The Making of the Musical World - A Story in Sound - Andrew Killick

The Making of the Musical World - A Story in Sound - Andrew Killick

Africa in America: Old Ways, New Means

The Making of the Musical World - A Story in Sound - Andrew Killick

Andrew Killick [+-]
University of Sheffield
Andrew Killick has been teaching and writing about the world’s music professionally since 1998. His passion for all forms of music has led him literally around the world, including studies at the University of Edinburgh, the University of Hawaii, and the University of Washington, periods of fieldwork in India and Korea, and teaching at Illinois State University and Florida State University before taking up his current position at the University of Sheffield in 2003. Originally trained as a classical pianist, he also plays the Korean gayageum zither and an English bagpipe, the Northumbrian smallpipes. His academic publications include two books on Korean music topics, about twenty refereed journal articles and book chapters, and substantial contributions to the Garland Encyclopedia of World Music and the Continuum Encyclopedia of Popular Music of the World. In his spare time he likes to compose “rounds” in a wide variety of musical styles.


We now build on our knowledge of West African musical practices by examining how they were maintained and developed in America, initially by African Americans but increasingly by Americans in general. We see how the “polyrhythms” of West African drumming, in their interaction with a European rhythmic framework, produced not just the backbeat but the pervasive “syncopation” that has been so prevalent in most American and American-influenced popular music of the last hundred years. We also see how other features of “participatory” African music (the slaves’ “old ways” of making music), including open-ended cyclical forms, call-and-response interactions, dense textures, and rough-edged timbres, have remained an aesthetic preference in the African American tradition and an influence on other styles (“new means”). Meanwhile, the griot tradition of solo singing accompanied by a stringed instrument is considered as a possible source of blues music and its many offshoots. With successive styles being pioneered by African Americans and then adopted by European Americans, the history of American popular music can be seen as a progressive “Africanization,” while even in the folk and classical realms, American music can be differentiated from European music primarily by its African American elements.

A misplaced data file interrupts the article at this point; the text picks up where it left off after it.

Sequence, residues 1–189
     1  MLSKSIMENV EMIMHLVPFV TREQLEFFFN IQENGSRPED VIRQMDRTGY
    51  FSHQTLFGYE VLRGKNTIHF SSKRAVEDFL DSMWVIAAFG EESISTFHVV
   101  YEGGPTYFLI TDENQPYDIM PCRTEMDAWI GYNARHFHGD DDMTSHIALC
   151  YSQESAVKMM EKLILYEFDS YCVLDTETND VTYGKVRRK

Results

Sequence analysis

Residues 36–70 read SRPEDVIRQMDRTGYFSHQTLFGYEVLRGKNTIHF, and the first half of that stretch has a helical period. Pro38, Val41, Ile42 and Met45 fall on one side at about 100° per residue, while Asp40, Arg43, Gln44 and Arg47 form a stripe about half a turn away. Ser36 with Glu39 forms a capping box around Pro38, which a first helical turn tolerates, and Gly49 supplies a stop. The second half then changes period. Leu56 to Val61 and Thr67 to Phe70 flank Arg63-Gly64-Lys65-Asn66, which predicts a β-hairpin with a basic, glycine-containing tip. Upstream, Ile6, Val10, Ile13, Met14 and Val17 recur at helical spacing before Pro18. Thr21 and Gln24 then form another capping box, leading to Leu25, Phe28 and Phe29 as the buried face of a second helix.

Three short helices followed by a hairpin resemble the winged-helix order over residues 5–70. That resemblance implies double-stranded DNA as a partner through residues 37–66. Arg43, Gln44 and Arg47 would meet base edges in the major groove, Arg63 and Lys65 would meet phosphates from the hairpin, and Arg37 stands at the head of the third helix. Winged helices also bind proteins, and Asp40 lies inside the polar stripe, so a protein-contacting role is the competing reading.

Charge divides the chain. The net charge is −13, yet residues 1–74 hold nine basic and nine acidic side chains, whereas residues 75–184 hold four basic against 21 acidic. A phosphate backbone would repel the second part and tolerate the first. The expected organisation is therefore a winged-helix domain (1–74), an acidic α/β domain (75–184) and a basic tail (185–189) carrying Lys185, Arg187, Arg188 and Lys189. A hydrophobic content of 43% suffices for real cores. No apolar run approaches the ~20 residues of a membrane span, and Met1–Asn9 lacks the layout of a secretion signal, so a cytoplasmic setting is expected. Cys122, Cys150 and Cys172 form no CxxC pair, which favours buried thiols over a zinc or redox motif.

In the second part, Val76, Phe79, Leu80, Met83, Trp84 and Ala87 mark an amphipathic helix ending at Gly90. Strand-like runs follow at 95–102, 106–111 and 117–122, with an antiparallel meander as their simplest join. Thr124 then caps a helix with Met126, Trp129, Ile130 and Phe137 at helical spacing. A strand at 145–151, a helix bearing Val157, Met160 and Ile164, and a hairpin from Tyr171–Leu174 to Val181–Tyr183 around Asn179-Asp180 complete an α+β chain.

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Killick, Andrew. Africa in America: Old Ways, New Means. The Making of the Musical World - A Story in Sound. Equinox eBooks Publishing, United Kingdom. p. Sep 2024. ISBN 9781781793411. Date accessed: 22 Sep 2021 doi: 10.1558/equinox.27321. Sep 2024

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